Cy-Fair-based Modern Industrial Furniture produces custom pieces for worldwide markets

Garcia said the company will ship a custom-designed piece of furniture anywhere in the world, as long as the buyer will pay for shipping.

Garcia said the company will ship a custom-designed piece of furniture anywhere in the world, as long as the buyer will pay for shipping.

Image description
Modern Industrial Furniture
Image description
Modern Industrial Furniture

What started as a side project out of Jose Garcia’s Cypress garage just over five years ago has since turned into a business that ships custom-designed home, office and retail furniture pieces from Sugar Land to Singapore.


Garcia has built a custom cabinet for Netflix and a television stand that will be used on the set of yet-to-be-released action film, “Soul Drift.” He said he believes his business fills a need in the marketplace.


“[That] kind of says something about what we’re doing because that means that, through all the online shopping they’ve done, they can’t find it,” he said. “You can’t find this furniture anywhere else.”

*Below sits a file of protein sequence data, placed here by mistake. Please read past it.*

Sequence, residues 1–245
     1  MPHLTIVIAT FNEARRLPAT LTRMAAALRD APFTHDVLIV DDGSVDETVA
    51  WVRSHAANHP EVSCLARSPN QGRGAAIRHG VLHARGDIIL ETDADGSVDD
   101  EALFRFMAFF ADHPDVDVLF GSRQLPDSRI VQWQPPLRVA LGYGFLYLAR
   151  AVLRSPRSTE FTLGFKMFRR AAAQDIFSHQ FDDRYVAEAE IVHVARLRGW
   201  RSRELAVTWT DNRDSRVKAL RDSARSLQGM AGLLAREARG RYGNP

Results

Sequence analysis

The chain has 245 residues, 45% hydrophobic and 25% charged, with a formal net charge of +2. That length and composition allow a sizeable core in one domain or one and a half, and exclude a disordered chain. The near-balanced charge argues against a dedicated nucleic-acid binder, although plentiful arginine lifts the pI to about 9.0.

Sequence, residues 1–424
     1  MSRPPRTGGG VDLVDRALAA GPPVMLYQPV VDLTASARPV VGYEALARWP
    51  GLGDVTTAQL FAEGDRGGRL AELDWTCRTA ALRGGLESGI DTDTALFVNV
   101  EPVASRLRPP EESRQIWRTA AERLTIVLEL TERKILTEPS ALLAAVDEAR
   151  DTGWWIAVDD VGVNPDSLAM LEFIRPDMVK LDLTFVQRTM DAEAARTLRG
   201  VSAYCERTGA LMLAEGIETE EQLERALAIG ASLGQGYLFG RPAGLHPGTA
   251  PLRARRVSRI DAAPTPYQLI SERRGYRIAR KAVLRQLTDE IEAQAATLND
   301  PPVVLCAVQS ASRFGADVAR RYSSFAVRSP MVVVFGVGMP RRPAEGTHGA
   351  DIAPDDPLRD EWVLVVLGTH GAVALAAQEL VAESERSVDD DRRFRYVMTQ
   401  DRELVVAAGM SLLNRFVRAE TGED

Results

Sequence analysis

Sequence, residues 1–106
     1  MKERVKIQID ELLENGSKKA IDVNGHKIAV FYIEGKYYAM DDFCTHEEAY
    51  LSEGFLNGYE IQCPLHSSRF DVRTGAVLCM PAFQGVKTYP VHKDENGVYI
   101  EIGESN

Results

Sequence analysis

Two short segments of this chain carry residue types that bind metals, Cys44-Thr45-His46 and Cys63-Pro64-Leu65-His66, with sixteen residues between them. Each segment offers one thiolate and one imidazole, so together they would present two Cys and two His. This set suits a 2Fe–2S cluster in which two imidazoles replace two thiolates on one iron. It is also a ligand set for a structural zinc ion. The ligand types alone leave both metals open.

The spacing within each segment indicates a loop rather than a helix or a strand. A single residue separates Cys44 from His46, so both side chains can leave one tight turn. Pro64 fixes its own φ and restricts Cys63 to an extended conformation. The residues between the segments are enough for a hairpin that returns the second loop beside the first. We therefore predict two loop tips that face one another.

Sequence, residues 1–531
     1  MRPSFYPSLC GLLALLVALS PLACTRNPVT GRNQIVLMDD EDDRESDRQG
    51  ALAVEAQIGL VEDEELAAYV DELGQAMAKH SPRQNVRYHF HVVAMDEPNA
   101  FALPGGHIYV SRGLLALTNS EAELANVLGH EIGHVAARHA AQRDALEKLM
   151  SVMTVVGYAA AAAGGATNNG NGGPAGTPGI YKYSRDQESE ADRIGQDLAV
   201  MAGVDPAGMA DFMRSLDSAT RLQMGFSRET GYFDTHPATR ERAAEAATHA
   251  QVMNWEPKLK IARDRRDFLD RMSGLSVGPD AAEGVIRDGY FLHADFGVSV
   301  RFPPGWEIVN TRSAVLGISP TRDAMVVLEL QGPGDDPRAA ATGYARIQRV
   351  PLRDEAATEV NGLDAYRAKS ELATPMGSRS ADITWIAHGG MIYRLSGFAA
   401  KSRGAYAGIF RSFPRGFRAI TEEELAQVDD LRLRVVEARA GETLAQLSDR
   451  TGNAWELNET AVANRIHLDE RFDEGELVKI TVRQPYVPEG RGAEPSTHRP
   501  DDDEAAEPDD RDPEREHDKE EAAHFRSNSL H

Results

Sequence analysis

Garcia, owner and founder of Modern Industrial Furniture, along with a small handful of shop workers, builds anything from media consoles and bar cabinets to headboards and desks out of a 5,000-square-foot warehouse on Jones Road. Moving forward, Garcia said he hopes to focus on residential customers.


Garcia said he defines “modern industrial” as industrial-style furniture for the modern world—a style reminiscent of something built 100 years ago, but constructed with modern features and capabilities. He said he made a few pieces per year from 2013-15 as a side business, putting them up for sale on platforms such as Craigslist.


He started hiring more workers at the beginning of 2015 as demand increased. Three years later, he left the technology industry to pursue Modern Industrial Furniture full-time.


“I finally came to the realization that this business needs more than just a little workshop at a house,” he said.


Garcia’s father—also named Jose—was a career welder and retired around the time the business began to gain traction. Jose Sr. now serves as a mentor and shop helper.


Garcia said he sees each piece as a learning experience. He said he gets a lot of satisfaction out of seeing a piece of furniture he made become the focal point of a house or retail space.


“I treat every piece that we make as if it’s for me,” he said. “For [a customer] to put faith in me to do something … that I never thought I’d be doing is a really nice reward.”






10684 Jones Road, Houston
713-909-0412
www.modernindustrialfurniture.com
Hours: by appointment only

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